§ Sir WILLIAM BYLES
asked whether the Home Secretary's attention has been drawn to a speech made by Mrs. Pank-hurst at the Connaught Rooms, Kingsway, last Friday night, openly and emphatically inciting her hearers to violent outrage and the destruction of property, and threatening the use of firearms if stones did not prove sufficiently effective; and what steps 744 he proposes to take to protect society against this outbreak of lawlessness?
§ Mr. McKENNA
My attention has been called to the inflammatory speech to which my hon. Friend refers. It would not be desirable in the public interest to say more than this at present.
§ Mr. FERENS
Will the right hon. Gentleman consider whether the fact of these speeches is not due to the example of some Privy Councillors?
§ Sir W. BYLES
In considering what steps to take, will the right hon. Gentleman have regard to the fact that, at the cost of £2,700, protection was furnished in the city of Belfast against similar incitement by the hon. and gallant Gentleman the Member for East Down and to the hon. and learned Gentleman the Member for Trinity College?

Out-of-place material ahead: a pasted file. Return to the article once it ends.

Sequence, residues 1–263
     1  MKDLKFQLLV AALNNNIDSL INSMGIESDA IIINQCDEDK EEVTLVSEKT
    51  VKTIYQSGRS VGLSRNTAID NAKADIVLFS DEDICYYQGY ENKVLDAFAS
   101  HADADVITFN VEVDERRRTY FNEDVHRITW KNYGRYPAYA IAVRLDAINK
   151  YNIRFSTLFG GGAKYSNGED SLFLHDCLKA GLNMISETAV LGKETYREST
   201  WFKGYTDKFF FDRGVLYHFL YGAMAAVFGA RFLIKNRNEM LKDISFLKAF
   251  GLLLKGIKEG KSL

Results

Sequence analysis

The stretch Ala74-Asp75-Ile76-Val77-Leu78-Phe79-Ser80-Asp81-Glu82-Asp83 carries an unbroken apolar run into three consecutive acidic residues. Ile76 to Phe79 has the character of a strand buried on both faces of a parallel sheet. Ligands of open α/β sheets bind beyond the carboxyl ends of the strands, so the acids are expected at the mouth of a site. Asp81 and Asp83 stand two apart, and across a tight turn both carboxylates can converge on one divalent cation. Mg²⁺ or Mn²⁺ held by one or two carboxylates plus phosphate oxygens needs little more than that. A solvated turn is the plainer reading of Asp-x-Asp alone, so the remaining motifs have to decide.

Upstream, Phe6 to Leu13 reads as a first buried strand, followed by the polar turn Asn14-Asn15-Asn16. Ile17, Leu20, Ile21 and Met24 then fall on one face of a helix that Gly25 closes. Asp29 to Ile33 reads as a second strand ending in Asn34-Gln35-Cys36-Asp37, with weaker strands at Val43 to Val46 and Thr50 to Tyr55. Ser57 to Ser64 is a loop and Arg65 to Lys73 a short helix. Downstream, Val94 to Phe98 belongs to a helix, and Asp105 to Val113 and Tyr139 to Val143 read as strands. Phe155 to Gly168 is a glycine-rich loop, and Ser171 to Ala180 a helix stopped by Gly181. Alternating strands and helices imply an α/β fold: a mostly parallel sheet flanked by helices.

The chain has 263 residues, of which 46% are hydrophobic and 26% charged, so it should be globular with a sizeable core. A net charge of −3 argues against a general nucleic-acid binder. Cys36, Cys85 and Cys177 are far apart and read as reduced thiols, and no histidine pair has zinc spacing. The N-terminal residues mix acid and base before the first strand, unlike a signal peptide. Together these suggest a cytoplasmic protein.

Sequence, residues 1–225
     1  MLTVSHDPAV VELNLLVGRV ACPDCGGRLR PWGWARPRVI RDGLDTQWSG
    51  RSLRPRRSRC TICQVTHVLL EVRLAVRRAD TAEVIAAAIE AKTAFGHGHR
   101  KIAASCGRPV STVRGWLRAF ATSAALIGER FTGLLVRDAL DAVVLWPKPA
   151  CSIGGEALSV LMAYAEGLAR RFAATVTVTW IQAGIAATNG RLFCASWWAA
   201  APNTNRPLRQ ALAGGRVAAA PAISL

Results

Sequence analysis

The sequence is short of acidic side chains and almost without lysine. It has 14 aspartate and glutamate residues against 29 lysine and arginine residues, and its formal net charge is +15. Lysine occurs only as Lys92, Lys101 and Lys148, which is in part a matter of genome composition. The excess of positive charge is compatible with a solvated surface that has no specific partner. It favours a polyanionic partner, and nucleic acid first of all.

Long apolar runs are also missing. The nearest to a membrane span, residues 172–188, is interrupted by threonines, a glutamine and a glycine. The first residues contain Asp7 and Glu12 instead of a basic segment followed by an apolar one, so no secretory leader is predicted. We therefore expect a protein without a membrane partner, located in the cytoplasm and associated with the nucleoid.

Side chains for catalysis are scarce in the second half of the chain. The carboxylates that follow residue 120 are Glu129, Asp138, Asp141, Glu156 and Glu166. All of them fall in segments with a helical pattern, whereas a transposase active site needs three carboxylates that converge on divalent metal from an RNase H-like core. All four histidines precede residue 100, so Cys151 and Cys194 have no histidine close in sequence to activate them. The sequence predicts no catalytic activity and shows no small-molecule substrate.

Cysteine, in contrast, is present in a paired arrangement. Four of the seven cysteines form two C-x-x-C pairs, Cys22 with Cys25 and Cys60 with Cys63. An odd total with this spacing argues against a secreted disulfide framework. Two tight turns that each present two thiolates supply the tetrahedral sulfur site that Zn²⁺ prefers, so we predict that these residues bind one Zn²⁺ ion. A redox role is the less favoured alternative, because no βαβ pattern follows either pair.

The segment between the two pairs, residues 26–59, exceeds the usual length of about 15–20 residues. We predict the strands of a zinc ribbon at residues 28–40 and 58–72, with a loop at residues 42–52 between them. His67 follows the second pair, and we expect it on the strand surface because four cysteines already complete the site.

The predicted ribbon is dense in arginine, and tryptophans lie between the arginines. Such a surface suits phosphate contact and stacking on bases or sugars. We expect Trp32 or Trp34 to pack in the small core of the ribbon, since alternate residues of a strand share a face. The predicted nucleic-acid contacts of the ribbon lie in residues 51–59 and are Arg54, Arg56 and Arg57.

§ Mr. SPEAKER
If I had thought this question simply raised the case of Belfast, it would not have appeared on the Paper. I thought it was a general question.
§ Mr. LANSBURY
Has the right hon. Gentleman's attention been called to the statement made by his right hon. colleague the Chancellor of the Duchy, and may I ask whether he considers that the statement would incite people to take violent measures, the statement being that they had not had in the case of the Suffragette demands the kind of sentimental and popular uprising which accounted for Nottingham Castle in 1832 and for the Hyde Park railings in 1867? Is that statement not an incitement to women to go and do likewise?
§ Mr. McKENNA
My right hon. Friend asks me to criticise the speech of my colleague, but I am bound to say, the question being put to me, that I do not see the slightest resemblance between the two.